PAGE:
Corporate reshuffle has led to a stronger APAC focus: Verizon

Corporate reshuffle has led to a stronger APAC focus: Verizon

ICT provider makes use of its acquisitions to strengthen local presence

Earlier in the year, New York-based Verizon changed its named to Verizon Enterprise Solutions in what was a big internal reshuffle.

According to Verizon A/NZ business vice president, John Karabin, the resuffle was done to focus on some key markets for the company.

“In the US, we combined our two major business units, the Verizon Wireless and Verizon Business Group,” he said.

“That was so we could take advantage of the synergies that we are seeing globally in the network business.”

Karabin said that Verizon also did some more work with Terremark, a company that it acquired last year as part of its overall global Cloud strategy.

“Terremark now is in the top quadrant according to Gartner’s perspective as a provider of various vCloud solutions,” he said.

Terremark recently moved into the Asia Pacific region with a vCloud footprint in Hong Kong, and Karabin says that the plan now is to bring one to Australia soon, potentially in 2013.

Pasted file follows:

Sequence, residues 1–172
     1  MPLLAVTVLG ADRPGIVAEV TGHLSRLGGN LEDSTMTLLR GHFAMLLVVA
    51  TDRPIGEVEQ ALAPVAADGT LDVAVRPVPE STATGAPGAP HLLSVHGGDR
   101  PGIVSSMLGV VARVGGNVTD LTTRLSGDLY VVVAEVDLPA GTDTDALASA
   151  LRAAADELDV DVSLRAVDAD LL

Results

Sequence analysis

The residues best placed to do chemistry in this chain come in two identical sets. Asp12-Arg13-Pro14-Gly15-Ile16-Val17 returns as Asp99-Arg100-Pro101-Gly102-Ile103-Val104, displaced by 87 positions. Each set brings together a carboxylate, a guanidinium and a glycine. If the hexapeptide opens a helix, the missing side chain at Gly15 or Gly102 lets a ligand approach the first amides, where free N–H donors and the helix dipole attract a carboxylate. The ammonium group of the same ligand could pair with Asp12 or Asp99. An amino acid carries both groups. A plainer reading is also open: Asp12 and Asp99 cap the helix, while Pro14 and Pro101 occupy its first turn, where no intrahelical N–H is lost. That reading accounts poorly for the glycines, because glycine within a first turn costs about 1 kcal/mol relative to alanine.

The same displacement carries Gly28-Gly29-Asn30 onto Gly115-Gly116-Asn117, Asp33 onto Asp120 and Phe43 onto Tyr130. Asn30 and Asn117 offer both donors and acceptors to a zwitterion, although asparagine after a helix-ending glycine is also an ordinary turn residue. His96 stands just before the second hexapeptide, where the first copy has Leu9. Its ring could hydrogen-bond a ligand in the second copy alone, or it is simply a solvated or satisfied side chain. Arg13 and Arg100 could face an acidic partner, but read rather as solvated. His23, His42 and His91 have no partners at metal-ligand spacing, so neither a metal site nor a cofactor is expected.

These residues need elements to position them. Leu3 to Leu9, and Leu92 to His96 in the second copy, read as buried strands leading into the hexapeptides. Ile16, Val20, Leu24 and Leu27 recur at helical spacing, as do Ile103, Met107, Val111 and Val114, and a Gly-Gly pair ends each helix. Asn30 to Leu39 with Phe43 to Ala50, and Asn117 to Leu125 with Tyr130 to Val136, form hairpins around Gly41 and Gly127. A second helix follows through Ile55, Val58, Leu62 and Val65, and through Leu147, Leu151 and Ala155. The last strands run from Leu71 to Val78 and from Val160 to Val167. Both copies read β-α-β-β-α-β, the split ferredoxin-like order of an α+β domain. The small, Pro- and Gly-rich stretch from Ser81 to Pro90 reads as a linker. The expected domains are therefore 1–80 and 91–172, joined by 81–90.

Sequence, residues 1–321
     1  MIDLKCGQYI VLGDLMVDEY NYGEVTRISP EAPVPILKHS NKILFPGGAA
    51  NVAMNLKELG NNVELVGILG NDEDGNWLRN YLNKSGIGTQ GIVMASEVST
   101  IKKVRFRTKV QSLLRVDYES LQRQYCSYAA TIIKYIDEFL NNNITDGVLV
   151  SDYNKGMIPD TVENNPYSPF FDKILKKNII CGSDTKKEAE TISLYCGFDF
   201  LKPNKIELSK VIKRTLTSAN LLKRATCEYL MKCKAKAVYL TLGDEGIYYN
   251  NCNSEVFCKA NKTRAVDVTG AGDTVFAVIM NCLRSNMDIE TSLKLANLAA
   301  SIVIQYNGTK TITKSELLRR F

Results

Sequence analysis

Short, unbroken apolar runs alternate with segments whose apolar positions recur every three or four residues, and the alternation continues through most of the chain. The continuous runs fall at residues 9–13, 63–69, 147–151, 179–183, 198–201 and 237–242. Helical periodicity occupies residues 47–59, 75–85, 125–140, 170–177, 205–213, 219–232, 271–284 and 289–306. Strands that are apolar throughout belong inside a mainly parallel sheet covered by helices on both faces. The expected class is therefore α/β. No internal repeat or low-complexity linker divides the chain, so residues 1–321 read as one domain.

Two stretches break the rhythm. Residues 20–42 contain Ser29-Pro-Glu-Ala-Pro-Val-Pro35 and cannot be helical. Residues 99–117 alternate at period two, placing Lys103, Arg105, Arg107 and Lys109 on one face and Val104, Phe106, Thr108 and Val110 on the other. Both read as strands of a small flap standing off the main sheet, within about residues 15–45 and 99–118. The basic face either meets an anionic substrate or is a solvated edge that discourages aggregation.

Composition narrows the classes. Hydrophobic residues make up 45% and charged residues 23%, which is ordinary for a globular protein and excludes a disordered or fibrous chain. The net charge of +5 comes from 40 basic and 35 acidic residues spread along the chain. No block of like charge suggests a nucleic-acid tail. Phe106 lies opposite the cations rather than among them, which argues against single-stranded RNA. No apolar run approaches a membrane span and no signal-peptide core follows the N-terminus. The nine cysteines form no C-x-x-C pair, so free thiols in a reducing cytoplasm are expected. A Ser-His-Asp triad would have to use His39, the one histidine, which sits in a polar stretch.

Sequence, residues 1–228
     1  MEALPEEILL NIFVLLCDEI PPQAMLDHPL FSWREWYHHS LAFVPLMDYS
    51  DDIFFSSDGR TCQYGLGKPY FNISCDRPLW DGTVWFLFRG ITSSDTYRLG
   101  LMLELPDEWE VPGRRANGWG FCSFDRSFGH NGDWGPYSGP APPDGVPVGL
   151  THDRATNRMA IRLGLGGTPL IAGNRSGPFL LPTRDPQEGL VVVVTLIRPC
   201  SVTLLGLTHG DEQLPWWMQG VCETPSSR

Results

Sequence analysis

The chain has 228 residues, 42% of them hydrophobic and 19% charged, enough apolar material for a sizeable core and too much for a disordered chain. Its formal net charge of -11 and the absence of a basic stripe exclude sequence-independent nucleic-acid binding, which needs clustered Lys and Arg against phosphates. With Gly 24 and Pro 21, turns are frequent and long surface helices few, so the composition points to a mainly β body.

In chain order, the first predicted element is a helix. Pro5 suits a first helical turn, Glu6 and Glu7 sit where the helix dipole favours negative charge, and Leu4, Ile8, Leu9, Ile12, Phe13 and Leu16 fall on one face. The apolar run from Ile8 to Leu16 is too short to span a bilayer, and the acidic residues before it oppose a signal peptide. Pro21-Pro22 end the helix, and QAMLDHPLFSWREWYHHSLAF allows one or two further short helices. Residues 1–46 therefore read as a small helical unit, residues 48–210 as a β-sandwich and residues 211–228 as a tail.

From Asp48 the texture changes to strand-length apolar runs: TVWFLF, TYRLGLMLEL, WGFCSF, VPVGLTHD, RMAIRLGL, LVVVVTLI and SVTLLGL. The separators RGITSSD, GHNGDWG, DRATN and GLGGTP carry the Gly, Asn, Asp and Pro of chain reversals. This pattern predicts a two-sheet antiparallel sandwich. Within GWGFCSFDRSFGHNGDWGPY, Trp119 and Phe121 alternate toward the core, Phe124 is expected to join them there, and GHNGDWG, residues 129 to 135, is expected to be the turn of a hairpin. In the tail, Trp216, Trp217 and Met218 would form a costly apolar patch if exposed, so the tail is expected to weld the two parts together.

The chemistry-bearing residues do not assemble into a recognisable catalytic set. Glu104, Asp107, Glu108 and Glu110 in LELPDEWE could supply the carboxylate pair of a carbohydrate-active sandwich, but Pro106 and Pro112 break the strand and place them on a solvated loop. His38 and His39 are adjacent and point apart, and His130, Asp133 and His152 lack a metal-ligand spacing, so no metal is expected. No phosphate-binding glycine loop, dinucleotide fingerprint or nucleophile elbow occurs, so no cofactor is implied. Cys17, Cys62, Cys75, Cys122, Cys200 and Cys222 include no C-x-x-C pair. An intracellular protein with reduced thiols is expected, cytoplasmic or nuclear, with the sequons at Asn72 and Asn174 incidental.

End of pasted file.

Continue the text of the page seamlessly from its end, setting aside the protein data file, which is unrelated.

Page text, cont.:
“We’re also looking at other centres in Singapore, Japan, and other countries,” he said.

“This is our strategy to put value-added services that we will provide as part of our vCloud strategy.”

The move, according to Karabin, looks to be connected to mobile technologies are “converging and expanding” into a host of different devices that are starting to use wireless networks more extensively,

He adds that this is starting to then flow into the larger pipes that exist underneath them and utilise assets like Cloud technologies.

“We’re starting to see a shift in the way people are mixing their business,” Karabin said.

Another recent acquisition that Verizon has made to strengthen its capabilities is Hughes Telematics in the US, a company that makes devices that go into vehicles.

Karabin said Hughes is part of the machine-to-machine (M2M) market that “everyone is getting involved in” and one that is currently experiencing an “explosion.”

“The increasing number of devices that are not your normal device, like your tablets or computers, but your machine specific devices that are increasing using the more reliable high bandwidth wireless networks,” he said.

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